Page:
Men in perpetual motion, the transporters each cover 15 to 18 miles per day. Their job is to lift and transport patients throughout the hospital, a job that requires a combination of careful training, strength, and sensitivity. “In hiring transporters,” says Al Bettencourt, assistant director of Security Services and supervisor of the transporters, “we look for people who are physically fit and have excellent customer-service skills. A healthcare background is nice but not necessary. They take classes in proper body mechanics, CPR, and infection control, then they job-shadow another transporter. Once trained, they function on their own, responding to the needs of the nursing staff or anyone calling for help lifting, turning, or transporting a patient.”

Community Hospital transporters, says Bettencourt, have a good bedside manner. They are customer-service driven and have an inherent desire to help people.

“Besides transporting patients from point A to point B,” says Bettencourt, “transporters want to make people feel comfortable. They introduce themselves to patients and let them know who they are, what they are doing, where they are going.”

Community Hospital employs 15 transporters in shifts staggered throughout the day and night. About every 30 minutes, another transporter comes on duty, and each works an eight-hour shift. On an average day, each will make 20 to 30 transports.“

We never want to rush,” says Bettencourt. “Everything is calculated and careful and about patient comfort.”

 

 

Raul Lopez“Everyone’s job has an impact on
how a patient is going to recover.”

-Raul Lopez,  director of
Environmental Services

Wherever the transporters go, the Environmental Services department has already been, and will be again. EVS, as it’s known, has about 100 employees. They are all responsible for creating a safe, clean, comfortable, and aesthetically pleasing environment.

“The title of our department is appropriate,” says Raul Lopez, director of EVS, “in that we are responsible for the environment as soon as you walk through the doors of the hospital, which encompasses more than 600,000 square feet. Whether it is a patient, family member, or employee, everyone who walks in should experience the same level of cleanliness and comfort.”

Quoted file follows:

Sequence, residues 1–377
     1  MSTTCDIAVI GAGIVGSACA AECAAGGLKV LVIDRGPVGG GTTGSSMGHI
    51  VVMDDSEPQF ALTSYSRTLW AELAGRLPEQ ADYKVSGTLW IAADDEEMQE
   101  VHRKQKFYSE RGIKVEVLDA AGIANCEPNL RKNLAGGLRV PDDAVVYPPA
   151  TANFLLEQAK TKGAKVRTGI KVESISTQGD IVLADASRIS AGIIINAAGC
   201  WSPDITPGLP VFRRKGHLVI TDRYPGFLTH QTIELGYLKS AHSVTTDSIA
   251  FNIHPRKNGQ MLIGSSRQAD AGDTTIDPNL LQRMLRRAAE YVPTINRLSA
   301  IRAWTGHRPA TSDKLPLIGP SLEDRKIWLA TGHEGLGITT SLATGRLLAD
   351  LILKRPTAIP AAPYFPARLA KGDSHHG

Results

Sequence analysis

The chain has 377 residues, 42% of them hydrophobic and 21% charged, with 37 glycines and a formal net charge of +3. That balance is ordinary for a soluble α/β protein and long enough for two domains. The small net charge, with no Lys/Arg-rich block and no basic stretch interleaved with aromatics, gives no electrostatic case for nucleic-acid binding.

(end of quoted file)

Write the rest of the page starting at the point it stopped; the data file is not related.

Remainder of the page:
The department supports clinical and nonclinical areas, ensuring clean common areas and a germ-free healing environment in patient rooms.  

“Around the Fountain Court, where visitors and staff congregate,” says Lopez, “we shampoo the carpet and vacuum and buff the floors. But in the clinical settings, the patient rooms, Emergency department, Family Birth Center, and the nursery’s surgical suites, we employ a very intense cleaning process with exacting standards.”

 

Community Hospital
By the numbers 2009

Admissions

Community Hospital 11,308

Westland House
705

Births
1,280

Emergency visits
47,378

Outpatient visits
271,325

Surgeries

Inpatient
3,954

Outpatient
3,094

The cleaning of clinical spaces involves using a high-grade disinfectant to wash the walls and every piece of equipment — an extremely detail-oriented and time-consuming process, Lopez says.

“Before coming to Community Hospital, my entire background was in the hospitality industry, where guidelines were very different,” he says. “If we weren’t up to standards, we might get a guest complaint. Here at the hospital, we don’t have that margin of error. Here, not doing our job correctly could have dire effects. We don’t risk that.”

The secondary role of Environmental Services, says Lopez, is to ensure a comfortable, aesthetically pleasing environment, which he believes has a direct impact on healing and recovery.“Sometimes new staff members have the feeling that we are 'just housekeeping,’ ” he says. “But they learn we’re much more than that. Whether it is a floor that is being swept or a room being cleaned for the next patient, each and every step we do has a direct impact on how patients, staff, and visitors feel about Community Hospital.”

“It’s also about care,” Lopez says. “Everyone at this hospital, from nursing to Security to Environmental Services, plays a significant role in the care of patients. Everyone’s job has an impact on how a patient is going to recover.

 

Christiann Meyer,
Traypasser

Christiann Meyer

 

Read her story.


Chris Tseh,
Transporter

Chris Tseh

 

Read his story.


Rose Oliver,
Environmental
Services
Supervisor 

Rose Oliver

Read her story.